We’ve put together this guide to help residents of the Buckeye State explore all available healthcare insurance options, so you can choose the plan that’s right for you. Keep reading to discover more about the following topics:
- Basic Ohio healthcare information
- Affordable Care Act (ACA or Obamacare) coverage and how the ACA applies to Ohioans
- Short-term, temporary health coverage in Ohio
- Ohio ACA alternatives, including Christian health plans, college health information, and insurance options military personnel
- Medicaid for Ohioans with low incomes or disabilities
- Resources to find more Ohio health information
Medical Coverage in Ohio
In Ohio, 48 percent of the population does not have employer-sponsored healthcare coverage. For that 48 percent, health insurance is obtainable through government sources and private insurers.
You can compare individual and family healthcare options by visiting health insurance websites. However, those who prefer a one-on-one call with an independent agent can connect via most health insurance websites as well.
Ohio Health Insurance Companies
Ohioans have several options to choose from when shopping for health insurance. The following health insurers are part of the 2019 marketplace:
- Anthem BCBS (Community Insurance Company)
- Buckeye Community Health Plan (Ambetter)
- Medical Mutual (Medical Health Insuring Corp. of Ohio)
- Oscar (Buckeye State Insurance Corporation)
Not every provider offers coverage across all of Ohio. However, each of the state’s 88 counties has at least one subsidy-eligible insurer. For further information about pricing and availability, enter some basic information into our marketplace comparison tool.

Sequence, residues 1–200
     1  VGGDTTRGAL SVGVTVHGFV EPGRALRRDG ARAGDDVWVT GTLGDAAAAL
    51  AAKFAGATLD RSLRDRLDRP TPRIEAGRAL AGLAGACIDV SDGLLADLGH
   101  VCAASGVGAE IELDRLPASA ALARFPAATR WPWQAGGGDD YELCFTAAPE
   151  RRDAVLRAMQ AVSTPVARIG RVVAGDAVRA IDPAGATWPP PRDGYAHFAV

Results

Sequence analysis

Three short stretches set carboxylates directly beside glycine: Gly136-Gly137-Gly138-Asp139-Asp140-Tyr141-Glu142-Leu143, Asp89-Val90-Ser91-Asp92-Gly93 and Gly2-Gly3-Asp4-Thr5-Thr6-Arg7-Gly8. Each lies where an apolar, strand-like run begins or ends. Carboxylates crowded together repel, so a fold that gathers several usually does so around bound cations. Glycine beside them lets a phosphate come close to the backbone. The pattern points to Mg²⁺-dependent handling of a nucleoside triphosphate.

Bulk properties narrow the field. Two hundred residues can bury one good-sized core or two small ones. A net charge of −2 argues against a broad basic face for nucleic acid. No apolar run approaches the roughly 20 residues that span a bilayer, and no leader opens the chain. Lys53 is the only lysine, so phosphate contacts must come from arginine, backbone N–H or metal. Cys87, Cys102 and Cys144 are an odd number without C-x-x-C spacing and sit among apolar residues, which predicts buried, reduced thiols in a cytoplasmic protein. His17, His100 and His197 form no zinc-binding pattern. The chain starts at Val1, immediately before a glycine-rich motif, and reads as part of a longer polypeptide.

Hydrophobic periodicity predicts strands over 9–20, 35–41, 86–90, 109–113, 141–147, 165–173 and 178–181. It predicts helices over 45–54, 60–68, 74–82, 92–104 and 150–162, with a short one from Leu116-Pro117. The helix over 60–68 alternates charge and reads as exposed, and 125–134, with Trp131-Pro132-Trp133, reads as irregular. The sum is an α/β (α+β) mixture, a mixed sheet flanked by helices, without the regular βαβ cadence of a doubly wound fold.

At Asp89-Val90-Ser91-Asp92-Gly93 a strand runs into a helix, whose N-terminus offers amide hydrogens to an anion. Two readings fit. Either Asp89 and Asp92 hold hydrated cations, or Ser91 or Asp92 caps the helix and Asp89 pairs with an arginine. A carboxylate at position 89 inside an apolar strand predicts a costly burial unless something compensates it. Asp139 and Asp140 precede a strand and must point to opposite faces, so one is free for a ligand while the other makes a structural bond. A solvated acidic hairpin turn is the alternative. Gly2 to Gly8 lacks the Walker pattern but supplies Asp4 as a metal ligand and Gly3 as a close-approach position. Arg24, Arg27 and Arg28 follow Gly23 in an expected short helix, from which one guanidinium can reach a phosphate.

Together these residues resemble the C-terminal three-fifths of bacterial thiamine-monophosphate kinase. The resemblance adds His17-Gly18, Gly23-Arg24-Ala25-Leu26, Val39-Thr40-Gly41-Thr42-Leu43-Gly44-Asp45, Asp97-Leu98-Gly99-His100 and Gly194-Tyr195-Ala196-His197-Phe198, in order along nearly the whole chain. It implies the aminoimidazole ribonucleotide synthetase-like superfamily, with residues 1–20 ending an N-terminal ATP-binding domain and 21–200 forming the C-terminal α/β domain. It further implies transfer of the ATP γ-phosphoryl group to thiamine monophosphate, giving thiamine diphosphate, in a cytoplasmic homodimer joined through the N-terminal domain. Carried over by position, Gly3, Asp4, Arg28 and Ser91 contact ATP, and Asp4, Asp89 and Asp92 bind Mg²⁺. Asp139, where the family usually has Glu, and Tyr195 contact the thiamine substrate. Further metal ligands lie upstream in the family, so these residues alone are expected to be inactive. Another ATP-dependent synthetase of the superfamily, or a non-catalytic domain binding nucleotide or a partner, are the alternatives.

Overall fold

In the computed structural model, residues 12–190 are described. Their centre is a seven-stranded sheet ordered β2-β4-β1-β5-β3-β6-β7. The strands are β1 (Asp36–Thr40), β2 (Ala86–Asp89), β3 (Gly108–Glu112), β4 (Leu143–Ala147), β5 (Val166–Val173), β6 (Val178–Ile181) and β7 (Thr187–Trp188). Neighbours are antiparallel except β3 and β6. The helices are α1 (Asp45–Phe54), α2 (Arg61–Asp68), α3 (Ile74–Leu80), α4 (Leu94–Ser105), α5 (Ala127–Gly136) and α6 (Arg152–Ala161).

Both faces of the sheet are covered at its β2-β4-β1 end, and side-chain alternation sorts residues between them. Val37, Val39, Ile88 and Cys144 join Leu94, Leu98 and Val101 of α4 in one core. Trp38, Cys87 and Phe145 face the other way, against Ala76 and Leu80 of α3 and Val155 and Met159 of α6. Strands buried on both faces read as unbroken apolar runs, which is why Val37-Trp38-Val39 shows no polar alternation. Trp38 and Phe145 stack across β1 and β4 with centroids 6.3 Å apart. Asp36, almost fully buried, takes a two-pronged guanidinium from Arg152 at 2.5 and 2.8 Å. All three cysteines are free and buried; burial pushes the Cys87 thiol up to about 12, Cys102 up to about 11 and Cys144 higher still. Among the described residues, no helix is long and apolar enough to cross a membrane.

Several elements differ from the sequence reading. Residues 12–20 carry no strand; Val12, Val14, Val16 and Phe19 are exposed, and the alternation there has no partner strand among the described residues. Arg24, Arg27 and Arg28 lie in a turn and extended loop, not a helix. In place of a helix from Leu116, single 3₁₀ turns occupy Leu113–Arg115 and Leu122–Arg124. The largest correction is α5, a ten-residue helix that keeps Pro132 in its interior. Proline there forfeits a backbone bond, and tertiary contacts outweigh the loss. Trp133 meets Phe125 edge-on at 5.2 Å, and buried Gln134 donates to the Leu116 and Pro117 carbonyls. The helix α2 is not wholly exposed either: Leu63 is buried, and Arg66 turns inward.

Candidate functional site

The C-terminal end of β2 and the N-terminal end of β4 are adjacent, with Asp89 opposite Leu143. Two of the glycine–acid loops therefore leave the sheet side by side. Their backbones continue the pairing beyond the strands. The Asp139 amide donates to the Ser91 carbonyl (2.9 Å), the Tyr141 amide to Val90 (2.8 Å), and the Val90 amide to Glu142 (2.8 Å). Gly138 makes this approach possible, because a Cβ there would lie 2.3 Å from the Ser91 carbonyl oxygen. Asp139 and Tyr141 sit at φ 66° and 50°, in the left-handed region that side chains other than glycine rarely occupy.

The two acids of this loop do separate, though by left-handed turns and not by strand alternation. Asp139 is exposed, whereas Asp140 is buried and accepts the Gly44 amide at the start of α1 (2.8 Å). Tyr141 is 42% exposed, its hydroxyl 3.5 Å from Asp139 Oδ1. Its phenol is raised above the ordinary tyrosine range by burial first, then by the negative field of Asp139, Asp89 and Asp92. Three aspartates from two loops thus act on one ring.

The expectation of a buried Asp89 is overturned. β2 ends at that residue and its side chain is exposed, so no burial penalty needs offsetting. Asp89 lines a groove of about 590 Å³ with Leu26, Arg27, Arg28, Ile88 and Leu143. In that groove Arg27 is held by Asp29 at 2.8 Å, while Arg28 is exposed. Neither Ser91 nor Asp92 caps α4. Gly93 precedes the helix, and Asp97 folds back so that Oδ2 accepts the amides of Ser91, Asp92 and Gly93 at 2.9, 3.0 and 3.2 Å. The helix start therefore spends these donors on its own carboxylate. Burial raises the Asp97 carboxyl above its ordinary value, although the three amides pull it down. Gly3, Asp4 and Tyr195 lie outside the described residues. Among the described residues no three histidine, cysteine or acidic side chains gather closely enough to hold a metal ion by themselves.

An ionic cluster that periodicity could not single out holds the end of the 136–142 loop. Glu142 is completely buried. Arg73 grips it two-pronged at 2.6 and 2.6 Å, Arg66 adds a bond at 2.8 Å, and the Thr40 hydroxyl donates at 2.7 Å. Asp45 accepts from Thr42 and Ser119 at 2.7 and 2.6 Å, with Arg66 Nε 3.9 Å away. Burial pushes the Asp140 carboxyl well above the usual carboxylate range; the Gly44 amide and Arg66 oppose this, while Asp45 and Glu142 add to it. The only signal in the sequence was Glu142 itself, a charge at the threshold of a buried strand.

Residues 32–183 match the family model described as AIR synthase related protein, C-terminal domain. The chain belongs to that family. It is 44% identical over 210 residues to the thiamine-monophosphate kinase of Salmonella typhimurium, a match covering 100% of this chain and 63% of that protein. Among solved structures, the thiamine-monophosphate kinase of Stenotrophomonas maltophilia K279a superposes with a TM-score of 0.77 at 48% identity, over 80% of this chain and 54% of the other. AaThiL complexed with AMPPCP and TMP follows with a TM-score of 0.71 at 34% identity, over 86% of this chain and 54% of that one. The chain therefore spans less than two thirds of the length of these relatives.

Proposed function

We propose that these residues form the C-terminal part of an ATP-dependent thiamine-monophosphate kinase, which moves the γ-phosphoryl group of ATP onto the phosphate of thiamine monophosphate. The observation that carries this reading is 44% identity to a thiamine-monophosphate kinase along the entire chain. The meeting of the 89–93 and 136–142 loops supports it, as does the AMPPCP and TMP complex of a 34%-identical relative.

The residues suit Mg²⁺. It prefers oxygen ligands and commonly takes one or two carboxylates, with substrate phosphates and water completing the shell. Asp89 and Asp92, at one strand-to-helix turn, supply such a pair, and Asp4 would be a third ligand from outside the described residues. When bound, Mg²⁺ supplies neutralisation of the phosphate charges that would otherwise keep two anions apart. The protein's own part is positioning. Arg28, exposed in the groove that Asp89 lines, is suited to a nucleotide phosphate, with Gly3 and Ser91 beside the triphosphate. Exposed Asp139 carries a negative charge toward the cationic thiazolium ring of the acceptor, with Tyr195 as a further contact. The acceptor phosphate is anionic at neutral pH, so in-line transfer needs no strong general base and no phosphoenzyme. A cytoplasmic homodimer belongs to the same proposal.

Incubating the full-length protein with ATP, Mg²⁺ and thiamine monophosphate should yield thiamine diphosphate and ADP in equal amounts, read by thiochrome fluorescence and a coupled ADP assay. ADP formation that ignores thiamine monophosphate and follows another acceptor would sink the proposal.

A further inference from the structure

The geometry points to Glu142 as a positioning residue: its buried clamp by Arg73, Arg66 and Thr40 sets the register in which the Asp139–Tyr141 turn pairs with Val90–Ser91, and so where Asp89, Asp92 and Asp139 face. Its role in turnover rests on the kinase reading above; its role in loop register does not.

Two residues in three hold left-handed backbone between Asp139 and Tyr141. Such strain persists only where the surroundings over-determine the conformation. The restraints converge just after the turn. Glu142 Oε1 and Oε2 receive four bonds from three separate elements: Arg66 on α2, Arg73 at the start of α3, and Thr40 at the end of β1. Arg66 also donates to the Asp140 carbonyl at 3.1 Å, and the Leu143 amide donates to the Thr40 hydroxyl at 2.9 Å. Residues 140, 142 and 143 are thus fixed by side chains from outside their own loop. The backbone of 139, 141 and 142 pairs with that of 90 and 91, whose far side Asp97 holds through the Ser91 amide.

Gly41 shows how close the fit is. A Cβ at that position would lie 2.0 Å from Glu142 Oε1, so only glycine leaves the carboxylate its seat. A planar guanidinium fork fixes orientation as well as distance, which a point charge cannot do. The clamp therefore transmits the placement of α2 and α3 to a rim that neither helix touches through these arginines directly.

How Many Ohioans Are Insured?
In 2019, a little over 206,000 Ohioans enrolled in ACA healthcare insurance, which is lower than the previous year’s total of over 230,000. This data shows a continuing trend, and overall ACA enrollment has dropped 15 percent since 2016 in most states.
The Future of Health Insurance in Ohio
According to the nonprofit Health Policy Institute of Ohio, out of 50 states and the District of Columbia, the Buckeye State ranks just 46th on health value.
Insufficient access to care, high addiction rates, and state Medicaid spending (which is 1.4 percent higher than the national average), all factor into the low health value cost.
Affordable Care Act Plans in Ohio
As required by law, all ACA plans offer the 10 essential health benefits required for major medical policies.
Average monthly premiums for ACA plans in the Buckeye State rose by over 6 percent in 2019 (to $6,100 annually from around $5,800 the year prior, according to some measures). Since 2013, the amount paid by insurers has increased by 132 percent.
When Can You Sign Up for Ohio ACA Plans?
Ohio uses the standard nationwide Open Enrollment Period, which typically lasts from November 1 to December 15. Certain qualifying life events, like changes in residence or marital status, mean you may be eligible to get ACA coverage at any time.
Short-Term Health Insurance Plans in Ohio
As of 2018, Ohio allows short-term health insurance policies with the caveat that they’re limited to less than 364 days of coverage.
One-time healthcare policies are non-renewable in Ohio. After 364 days, short-term plan members must find a new plan. Ohio has effectively taken a middle-of-the-road approach between stopping the plans and the loosest federal guidelines.
While short-term plans are not for everyone, this coverage does benefit those who are between jobs, have to wait for an employer’s plan to start, are seasonal employees, or don’t have a qualifying event for ACA and must wait for open enrollment.
Affordable Care Act (Obamacare) Alternatives in Ohio
Medicare and Medicare Add-On Plans
In 2018, over 613,000 Ohioans with Medicare chose to sign up for a Medicare Supplement plan. We found that the average cost for Medicare Supplement in Ohio is quite low. In some areas, no plan is more than $140 per month.